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Title: Flow and combustion in direct injection spark ignition engines
Author: Scott, Blane
Awarding Body: University of Oxford
Current Institution: University of Oxford
Date of Award: 2019
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The goal of producing more efficient internal combustion engines has led to the use of more advanced technologies and operating strategies. As a result, Computational Fluid Dynamics (CFD) is now a standard tool that is used to optimise the design of new combustion systems. Validation of these numerical simulations is essential, especially for the prediction of in- cylinder flow, which is known to have a profound effect on mixture preparation and combustion. Therefore, high quality, in-cylinder flow measurements are required to aid the validation process and the design of new combustion systems. This work outlines the development of an optical engine test facility and the installation of a high-speed Particle Image Velocimetry (PIV) system that provides in-cylinder flow measurements with high spatial and temporal resolution over a large range of crank angles. The system is capable of producing measurements at a maximum rate of 3.7 kHz at full resolution and a total of 6000 frame pairs in a single experiment. Additional improvements to the system for specific application to IC engines have been outlined, including the use of variable inter-frame delay and methods of scatter minimisation. To aid the validation of CFD simulations, metrics known as the Weighted Relevance Index (WRI) and the Weighted Magnitude Index (WMI), have been developed to quantify differences between flow fields in terms of both alignment and magnitude. These have been combined to produce a third metric, the Combined Magnitude and Relevance Index (CMRI), that produces a single value that rates the similarity of two flow fields. The application of these metrics has been demonstrated by investigating the differences between velocity measurements and CFD RANS simulations in the central tumble plane for three test conditions. The metrics were able to determine regions of the flow field that were significantly different between simulation and experiment, which would not be highlighted by conventional metrics. Flow field measurements were also made during the induction and compression strokes of firing cycles to investigate the effect of in-cylinder flow structures on cycle-by-cycle variations in combustion. The cycles were separated into subsets conditioned on burn rate, as indicated by in-cylinder pressure measurements. The WRI and WMI were then used to compare the conditionally averaged flow fields of fast and slow burning cycles. From this analysis, it was possible to determine regions of the flow that have a significant effect on the rate of combustion. Simultaneous combustion imaging showed that the flames for slow burning cycles tended to grow asymmetrically towards the exhaust valves. In contrast, the flames of fast burning cycles were convected away from the spark plug and grew rapidly in all directions.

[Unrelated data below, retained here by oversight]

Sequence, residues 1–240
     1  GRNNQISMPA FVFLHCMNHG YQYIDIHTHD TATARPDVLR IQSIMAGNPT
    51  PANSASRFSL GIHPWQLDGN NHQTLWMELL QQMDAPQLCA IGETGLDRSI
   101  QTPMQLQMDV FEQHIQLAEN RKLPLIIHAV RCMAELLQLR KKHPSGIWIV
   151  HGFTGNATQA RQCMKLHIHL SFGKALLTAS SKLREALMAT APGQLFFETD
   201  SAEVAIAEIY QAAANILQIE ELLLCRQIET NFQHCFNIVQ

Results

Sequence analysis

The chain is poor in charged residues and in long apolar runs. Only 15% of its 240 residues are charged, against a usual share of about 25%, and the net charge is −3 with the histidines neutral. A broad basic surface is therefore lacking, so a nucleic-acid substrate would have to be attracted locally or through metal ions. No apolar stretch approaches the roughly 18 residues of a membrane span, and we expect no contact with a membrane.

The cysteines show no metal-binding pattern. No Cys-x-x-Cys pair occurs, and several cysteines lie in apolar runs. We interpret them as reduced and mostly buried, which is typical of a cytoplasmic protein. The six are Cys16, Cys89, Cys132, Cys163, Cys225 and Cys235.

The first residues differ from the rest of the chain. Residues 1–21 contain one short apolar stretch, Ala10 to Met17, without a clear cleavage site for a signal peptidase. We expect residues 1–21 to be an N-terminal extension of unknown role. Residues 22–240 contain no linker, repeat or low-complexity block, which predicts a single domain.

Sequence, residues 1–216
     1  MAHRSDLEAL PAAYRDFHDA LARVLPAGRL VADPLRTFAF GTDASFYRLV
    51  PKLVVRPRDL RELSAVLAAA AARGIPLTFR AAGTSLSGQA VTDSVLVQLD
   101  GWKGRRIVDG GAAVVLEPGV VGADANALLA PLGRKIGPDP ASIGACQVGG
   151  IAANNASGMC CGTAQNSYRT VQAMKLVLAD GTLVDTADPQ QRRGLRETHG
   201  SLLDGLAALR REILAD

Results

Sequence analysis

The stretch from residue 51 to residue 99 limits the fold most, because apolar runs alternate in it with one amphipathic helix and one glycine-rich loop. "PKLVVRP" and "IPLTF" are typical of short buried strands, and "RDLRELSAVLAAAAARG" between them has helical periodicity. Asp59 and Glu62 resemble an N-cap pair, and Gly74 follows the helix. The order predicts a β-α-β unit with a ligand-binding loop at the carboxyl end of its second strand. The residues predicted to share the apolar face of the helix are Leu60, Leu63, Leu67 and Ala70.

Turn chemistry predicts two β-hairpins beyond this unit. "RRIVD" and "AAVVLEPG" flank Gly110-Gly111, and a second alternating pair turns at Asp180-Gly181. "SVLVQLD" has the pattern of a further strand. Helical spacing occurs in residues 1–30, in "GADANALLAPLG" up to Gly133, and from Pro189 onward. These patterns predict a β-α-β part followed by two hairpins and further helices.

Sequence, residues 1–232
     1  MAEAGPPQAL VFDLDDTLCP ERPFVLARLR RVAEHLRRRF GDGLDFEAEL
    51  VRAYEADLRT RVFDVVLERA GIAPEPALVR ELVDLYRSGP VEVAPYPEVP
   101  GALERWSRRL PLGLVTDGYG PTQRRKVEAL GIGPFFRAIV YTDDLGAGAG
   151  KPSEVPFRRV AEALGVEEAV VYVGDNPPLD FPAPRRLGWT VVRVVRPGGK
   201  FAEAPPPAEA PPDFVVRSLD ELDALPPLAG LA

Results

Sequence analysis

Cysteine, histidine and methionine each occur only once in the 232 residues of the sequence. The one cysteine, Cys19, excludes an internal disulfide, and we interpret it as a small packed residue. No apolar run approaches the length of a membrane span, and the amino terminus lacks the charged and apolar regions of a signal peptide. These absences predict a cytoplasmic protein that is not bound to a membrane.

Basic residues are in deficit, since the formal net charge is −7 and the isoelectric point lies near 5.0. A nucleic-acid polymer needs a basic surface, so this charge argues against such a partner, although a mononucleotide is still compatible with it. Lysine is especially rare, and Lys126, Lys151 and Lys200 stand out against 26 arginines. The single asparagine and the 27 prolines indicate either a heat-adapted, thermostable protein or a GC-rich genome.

Supervisor: Stone, Richard Sponsor: Engineering and Physical Sciences Research Council
Qualification Name: Thesis (Ph.D.) Qualification Level: Doctoral
EThOS ID:  DOI: Not available
Keywords: Engineering